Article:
I leave Rejkyavik early in the morning—finally a bright sunny day!—and travel the 150 km that separate me from Geyser, the place name that has become the eponym for the geological phenomenon. It's a pleasant drive on an asphalt road, marked by the presence of motels and places to eat. As before, I can tell that I have arrived when I see a large parking area surrounded by buildings that exist just to handle tourists. They are well coddled here and find everything their hearts desire—restaurants, information, souvenir shops and small but comfortable lodging. I park my car and join the parade of fellow excursionists, who are no doubt going in the right direction: to the geysers! It's a dirt trail, slightly uphill, and runs along a channel, a rivulet of stones and brightly-colored sulfuric mineral deposits. A sign written in various languages warns us against bathing because the waters can suddenly turn very hot. As I move on and up towards the top, a number of smaller jets of boiling water start to spout (photos 4 & 5). I'm moving slowly, stopping to take photos when all of a sudden—with no warning, no noise to let us know what is about to happen—a powerful jet of water shoots up more than 30 meters into the sky. I'm still a bit back from it, but it's impressive nonetheless. I pick up the pace and reach a clearing where I note the presence of a safety barrier to keep us away from a large body of water of intense blue (photo 6). The water level fluctuates periodically, rising and lowering tens of meters as if driven by a giant bellows breathing from the deep. It is the breath of Gaia. Minutes pass and nothing happens; then suddenly the breathing cycles through and appears again in all her majesty. The powerful jet reaches her high point in a few seconds and then drops down again under her own weight, a waterfall held aloft and driven by the wind (photos 7 & 8). It happens quickly and leaves me dumbfounded and unable to get even one photo. It's not so bad, though; I'll wait it out—10 minutes till the next one. I pass that time and then stay a bit to witness a few repetitions in utter admiration of the event. I go back to my car; before leaving, I want to see the last geological wonder that I came for—the mid-Atlantic ridge, the most prized attraction of nearby Þingvellir National Park.
I set off and watch the panorama change rapidly. The rough mountains turn to low green slopes mirrored in the clear waters of the many lakes (photos 9 & 10). I run past a few of them and finally reach my destination. Then I proceed on foot along a narrow and twisting trail that winds through the vegetation. It's not all that easy to move along the trail since there is a constant flow of persons moving in both directions. Suddenly the vegetation is gone and I find myself on a sort of terrace that lets me look out over what you might call a low canyon, like a long thoroughfare, really. It's almost straight and is protected on both sides by two perfectly vertical rock walls some tens of meters high (photo 11). I am walking in the middle of the so-called median valley (or rift) of the mid-Atlantic ridge (photo 12)! It's fantastic to realize that this is a boundary; the wall on my right is part of the North American continental plate and the wall on my left marks the beginning of the European plate. I'm in a “no-man's land” where, indeed, the planet generates new land and increases the distance between the two continents. This is a moment when I realize once again that we are all insignificant compared to the majesty of Gaia. I walk along the great fracture and manage to climb over a fence and pass well beyond the normal tourist path (photo 13). The two sides start to converge, making the canyon even narrower; as well, the ground I am walking on has started to slope downward (photo 14). All at once, the sky above disappears from view as the walls on the sides converge totally; the trail continues into the darkness of a narrow underground passage (photo 15). Suddenly the temperature drops and the ground is covered by a blanket of dirty snow, made darker by dirt from surrounding rock (photo 16). I press forward into the chaos of boulders and broken rock until I can go no further (photo 17). I have reached a dead-end, a point where one section of the great fault is blocked—at least until the next earthquake.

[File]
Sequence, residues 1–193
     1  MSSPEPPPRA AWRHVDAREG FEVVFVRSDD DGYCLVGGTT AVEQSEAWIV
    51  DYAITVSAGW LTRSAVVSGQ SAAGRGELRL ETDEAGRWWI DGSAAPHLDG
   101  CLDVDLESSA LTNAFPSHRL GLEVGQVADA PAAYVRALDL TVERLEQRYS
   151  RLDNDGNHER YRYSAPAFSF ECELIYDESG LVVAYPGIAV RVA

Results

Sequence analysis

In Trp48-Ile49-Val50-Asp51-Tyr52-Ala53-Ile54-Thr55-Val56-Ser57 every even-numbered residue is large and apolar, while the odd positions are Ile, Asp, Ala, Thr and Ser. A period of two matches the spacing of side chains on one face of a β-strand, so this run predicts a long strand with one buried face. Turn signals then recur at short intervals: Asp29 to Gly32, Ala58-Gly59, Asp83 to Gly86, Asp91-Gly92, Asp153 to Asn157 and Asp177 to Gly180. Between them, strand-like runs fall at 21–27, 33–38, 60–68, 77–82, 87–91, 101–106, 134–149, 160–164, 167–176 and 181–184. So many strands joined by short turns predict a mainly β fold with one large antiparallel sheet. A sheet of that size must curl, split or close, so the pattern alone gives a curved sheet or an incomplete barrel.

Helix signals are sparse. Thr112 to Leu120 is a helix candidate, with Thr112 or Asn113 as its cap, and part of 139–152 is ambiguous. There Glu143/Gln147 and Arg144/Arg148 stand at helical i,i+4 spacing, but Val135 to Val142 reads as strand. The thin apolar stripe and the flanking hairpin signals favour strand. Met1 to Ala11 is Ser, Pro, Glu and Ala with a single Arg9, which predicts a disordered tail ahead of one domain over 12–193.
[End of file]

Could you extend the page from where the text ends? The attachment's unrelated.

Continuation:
My journey to this land at the borders of the world is finished. In a few hours, the plane that brought me here will take me home. I have mixed feelings—part of me is not yet ready to leave. I want to stay! Who knows all the things I didn't see and whether I'll ever have another chance to get back here to walk the lands of the north? I know I'll miss the immense glacial valleys, the high lava bastions, the endless volcanoes and lovely falls of icy waters. I'll miss trips into the rough and arid mountains, the small flocks of wild sheep (photos 17 & 18) and all those thermal baths where you dip yourself right in even while a biting wind lashes the heath around you. I regret leaving without having seen the magic of the aurora borealis or seen in flight the strange bird called the Atlantic puffin (Fratercula arctica) (photo 20), without having heard the songs of the whales in the deep coastal fjords or the call of the noble Orca as the pod migrates. Yet I am sure that what I did manage to see will stay with me for the rest of my life. Thank you, Iceland.